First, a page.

Given a design upstream flow of zero and a WWTP design flow of 3.875 cfs, solving this equation gives: (3.875 cfs)(0.01 mg/L)(5.395) = 0.209 pounds/day TRC.
There are no known nonpoint sources of TRC in the impaired stream segment. Thus the nonpoint source load allocation for TRC is zero pounds per day.
The point source waste load allocation (WLA) would be calculated by the formula :
(WWTP design flow in cfs)(effluent TRC limit in mg/L)(5.395) = TRC pounds/day
This formula gives (3.875cfs) (0.01 mg/L) (5.395) = 0.209 pounds/day as the WLA.
The Margin of Safety (MOS) is implicit based on the following conservative assumptions. The Wasteload Allocation calculation assumes the critical low flow of zero when the West Plains WWTP is discharging at a magnitude as high as its design flow. This circumstance would be a rare occasion. Also, Howell Creek is effluent dominated, therefore the water quality is really the West Plains effluent quality. The permit monitoring will provide assurance that the WQS will be achieved and therefore provides another degree of conservatism in the TMDL.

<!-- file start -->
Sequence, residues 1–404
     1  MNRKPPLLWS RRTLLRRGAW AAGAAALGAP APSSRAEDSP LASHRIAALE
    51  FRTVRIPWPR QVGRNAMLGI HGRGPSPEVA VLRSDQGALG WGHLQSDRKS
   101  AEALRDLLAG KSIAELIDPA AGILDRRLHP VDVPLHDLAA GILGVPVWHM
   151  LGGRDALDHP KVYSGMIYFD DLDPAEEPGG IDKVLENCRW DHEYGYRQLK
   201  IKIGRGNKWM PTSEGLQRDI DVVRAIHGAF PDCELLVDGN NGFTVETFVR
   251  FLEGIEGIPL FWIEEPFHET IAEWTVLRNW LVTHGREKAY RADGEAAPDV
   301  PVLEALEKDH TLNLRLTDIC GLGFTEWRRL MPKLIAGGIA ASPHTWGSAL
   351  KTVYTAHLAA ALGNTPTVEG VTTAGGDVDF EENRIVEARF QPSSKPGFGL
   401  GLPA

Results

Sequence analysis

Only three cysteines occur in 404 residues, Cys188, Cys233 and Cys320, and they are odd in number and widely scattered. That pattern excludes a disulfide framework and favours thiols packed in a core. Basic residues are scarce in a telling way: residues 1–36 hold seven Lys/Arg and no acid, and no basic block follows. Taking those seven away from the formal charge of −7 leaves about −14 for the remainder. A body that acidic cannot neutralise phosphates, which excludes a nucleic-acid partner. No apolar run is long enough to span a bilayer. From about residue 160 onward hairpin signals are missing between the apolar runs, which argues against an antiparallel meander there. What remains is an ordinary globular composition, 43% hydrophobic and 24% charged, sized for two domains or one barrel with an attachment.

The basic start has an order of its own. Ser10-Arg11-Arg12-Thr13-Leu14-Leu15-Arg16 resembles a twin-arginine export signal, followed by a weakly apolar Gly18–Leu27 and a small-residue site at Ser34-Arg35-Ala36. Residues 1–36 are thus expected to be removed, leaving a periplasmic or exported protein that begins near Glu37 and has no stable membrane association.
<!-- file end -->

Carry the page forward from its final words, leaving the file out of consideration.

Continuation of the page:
Because the impairment is due to a single point source, and there are no nonpoint sources, the consideration of the critical low flow takes into account seasonality. It would be at that low flow where concern would arise as to not meeting the chlorine permit limit and thus violating Missouri Water Quality Standards.